By Kishan Khoday, July 18, 2012, Blog Humanum
Among the important elements of the recently issued Rio+20 Outcome Document was a focus on the state of the world’s natural resources and the important implications for achieving social equity and sustainable development. 2012 marks 50 years since the passage of the UN Declaration on Permanent Sovereignty over Natural Resources (1962), and as emphasized in Rio+20 and other major global forum, natural resources are again shaping the nature of development around the world.
The world is experiencing a convergence of increasing demand for natural resources from emerging economies, historic prices across commodity groups, a downward trend in resource supply and ecological stability, and the rise of inequality between those who develop and profit from such resources and the communities that host them. Much of the planet’s resources are located in rural areas where more than two-thirds of the 1.4 billion people currently living in extreme poverty reside. Amidst record high commodity prices and corporate profits, the gap is growing between urban industrialists and market speculators on the one hand, and rural communities who live on a treasure of natural assets but are often excluded from benefit-sharing, while also suffering the impacts of extractive industry and ecological change.
As a result of these trends recent years have seen a surge of social movements calling for more transparent, accountable and participatory governance of natural assets, and new models of growth that address concerns of justice, equity and sustainability in use of resources. A new area of interest-based social-accountability politics is moving the pendulum sharply, swinging towards rights-based, accountability-driven mechanisms, and posing questions on the nature of wealth and power in society. As we advance the post-Rio+20 agenda, progress in four areas will, I believe, prove critical:
Natural resource governance. Countries around the world are adapting to calls for social accountability. This includes new fiscal measures to better account for extractive-sector revenue, institutional frameworks to secure long-term value of ecosystems, and increasing equity in access and benefit sharing to sustain poverty reduction and prevent conflict. Reforms in the governance of energy, mineral, food and water resources, and the increasing engagement of civil society through reforms tailored to rights-based approaches and more inclusive growth, are encouraging and need to be rapidly expanded and mainstreamed.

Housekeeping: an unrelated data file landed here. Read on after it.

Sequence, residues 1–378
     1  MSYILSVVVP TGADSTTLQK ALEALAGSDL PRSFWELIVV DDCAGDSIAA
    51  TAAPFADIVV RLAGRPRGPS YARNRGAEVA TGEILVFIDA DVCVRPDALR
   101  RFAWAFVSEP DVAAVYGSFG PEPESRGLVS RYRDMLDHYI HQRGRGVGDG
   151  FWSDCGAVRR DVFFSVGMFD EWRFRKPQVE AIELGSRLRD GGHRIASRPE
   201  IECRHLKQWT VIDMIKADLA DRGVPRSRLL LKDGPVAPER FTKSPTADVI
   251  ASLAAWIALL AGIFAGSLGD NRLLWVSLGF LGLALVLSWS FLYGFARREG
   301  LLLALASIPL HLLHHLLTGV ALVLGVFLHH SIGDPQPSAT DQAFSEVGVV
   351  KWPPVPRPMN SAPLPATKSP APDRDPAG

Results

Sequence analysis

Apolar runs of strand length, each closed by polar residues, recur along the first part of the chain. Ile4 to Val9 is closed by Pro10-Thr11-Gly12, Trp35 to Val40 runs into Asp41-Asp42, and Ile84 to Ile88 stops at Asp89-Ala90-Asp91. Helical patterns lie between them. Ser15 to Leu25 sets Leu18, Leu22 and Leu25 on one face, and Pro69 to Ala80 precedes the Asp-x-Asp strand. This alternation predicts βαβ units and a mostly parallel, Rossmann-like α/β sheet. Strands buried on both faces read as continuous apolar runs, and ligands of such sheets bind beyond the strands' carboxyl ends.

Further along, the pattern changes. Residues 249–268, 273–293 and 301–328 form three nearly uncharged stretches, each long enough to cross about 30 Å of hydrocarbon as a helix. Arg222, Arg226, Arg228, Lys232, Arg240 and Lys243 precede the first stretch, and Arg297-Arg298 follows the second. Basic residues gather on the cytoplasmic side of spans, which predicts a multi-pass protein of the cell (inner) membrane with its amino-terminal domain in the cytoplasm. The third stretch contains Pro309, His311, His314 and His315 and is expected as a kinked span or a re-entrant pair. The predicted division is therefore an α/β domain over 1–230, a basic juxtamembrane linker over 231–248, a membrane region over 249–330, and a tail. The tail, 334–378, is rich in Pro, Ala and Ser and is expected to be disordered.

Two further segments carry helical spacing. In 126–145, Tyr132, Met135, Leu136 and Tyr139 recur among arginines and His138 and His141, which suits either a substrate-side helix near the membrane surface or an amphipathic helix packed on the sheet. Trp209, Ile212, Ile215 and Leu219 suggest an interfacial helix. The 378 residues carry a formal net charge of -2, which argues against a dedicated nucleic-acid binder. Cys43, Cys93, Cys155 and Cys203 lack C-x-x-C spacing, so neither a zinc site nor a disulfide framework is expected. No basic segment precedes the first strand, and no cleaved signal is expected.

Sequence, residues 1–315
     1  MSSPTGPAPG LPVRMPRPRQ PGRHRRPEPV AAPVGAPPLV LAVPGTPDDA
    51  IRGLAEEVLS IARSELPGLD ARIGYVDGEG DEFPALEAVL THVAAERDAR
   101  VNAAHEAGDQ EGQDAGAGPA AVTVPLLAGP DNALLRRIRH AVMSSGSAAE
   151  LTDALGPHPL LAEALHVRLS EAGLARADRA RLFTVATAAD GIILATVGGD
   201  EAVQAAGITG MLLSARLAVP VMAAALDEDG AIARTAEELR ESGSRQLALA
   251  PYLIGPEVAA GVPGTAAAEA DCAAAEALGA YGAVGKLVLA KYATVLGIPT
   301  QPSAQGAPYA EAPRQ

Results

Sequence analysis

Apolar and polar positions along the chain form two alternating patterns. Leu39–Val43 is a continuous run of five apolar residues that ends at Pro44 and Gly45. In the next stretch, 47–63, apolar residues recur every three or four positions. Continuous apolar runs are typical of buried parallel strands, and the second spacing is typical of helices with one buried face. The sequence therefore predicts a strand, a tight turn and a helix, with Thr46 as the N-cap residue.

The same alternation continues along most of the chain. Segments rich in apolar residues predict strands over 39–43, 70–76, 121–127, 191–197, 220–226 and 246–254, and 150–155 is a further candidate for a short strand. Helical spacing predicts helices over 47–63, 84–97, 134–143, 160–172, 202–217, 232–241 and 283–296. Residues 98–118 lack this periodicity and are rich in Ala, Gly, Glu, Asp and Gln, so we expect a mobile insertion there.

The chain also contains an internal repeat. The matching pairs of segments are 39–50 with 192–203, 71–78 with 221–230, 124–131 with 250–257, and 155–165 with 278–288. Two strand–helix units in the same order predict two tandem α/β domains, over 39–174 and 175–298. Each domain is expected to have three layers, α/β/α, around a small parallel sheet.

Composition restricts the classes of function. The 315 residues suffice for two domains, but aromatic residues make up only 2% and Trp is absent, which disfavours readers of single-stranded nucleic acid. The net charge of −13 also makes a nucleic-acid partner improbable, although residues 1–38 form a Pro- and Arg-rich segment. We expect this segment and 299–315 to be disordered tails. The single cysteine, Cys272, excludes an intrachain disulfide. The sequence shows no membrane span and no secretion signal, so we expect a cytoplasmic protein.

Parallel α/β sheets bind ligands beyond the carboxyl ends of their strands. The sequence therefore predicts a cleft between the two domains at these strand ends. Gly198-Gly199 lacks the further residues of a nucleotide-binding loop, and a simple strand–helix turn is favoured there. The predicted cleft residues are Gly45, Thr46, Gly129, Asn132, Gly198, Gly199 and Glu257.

Indigenous rights. Indigenous autonomy regimes are emerging in many countries, legal frameworks specially-tailored to recognize the unique history of indigenous peoples, customary rights of ownership, use and access to resources, and the need for prior and informed consent. Some local efforts are yielding tangible results for equity and sustainability. Beyond participation, regimes also do more by recognizing historic injustices towards indigenous communities, indigenous paradigms of nature and society, and customary law related to access to and use of natural resources.
Corporate citizenship. Many multinational and local businesses are trying to engage inclusive, green growth in energy, food, water and mineral sectors, and scope exists to scale up clean technology for less resource-intensive and toxic growth. Key multilateral platforms include the Ruggie Protect, Respect and Remedy Framework endorsed by the UN Human Rights Council in 2011, the UN-backed Principles for Responsible Investment to integrate environmental, social and governance principles into investments, and the Extractive Industry Transparency Initiative.
South-south cooperation. A marked shift from the 1992 Rio Earth Summit to the recent 2012 Rio+20 Summit is the role of emerging economies in terms of new challenges and solutions to the world’s sustainability goals. In recent years, we have seen a dramatic surge of outward investments and official development assistance from emerging economies into resource-rich but less developed countries. Emerging economies are leading new clean technology solutions to overcome resource scarcity and create foundations for a future green economy. South-south opportunities exist to integrate these trends into outward investments, with an important role for multilateral partners to exchange knowledge and best practices.
As we move beyond Rio+20, new institutional frameworks for sustainability need to arise that not only make development greener but also more inclusive, fair and just. Achieving a green economy will be about more than market mechanisms and technology transfer; it will also crucially be about issues of governance, justice and accountability.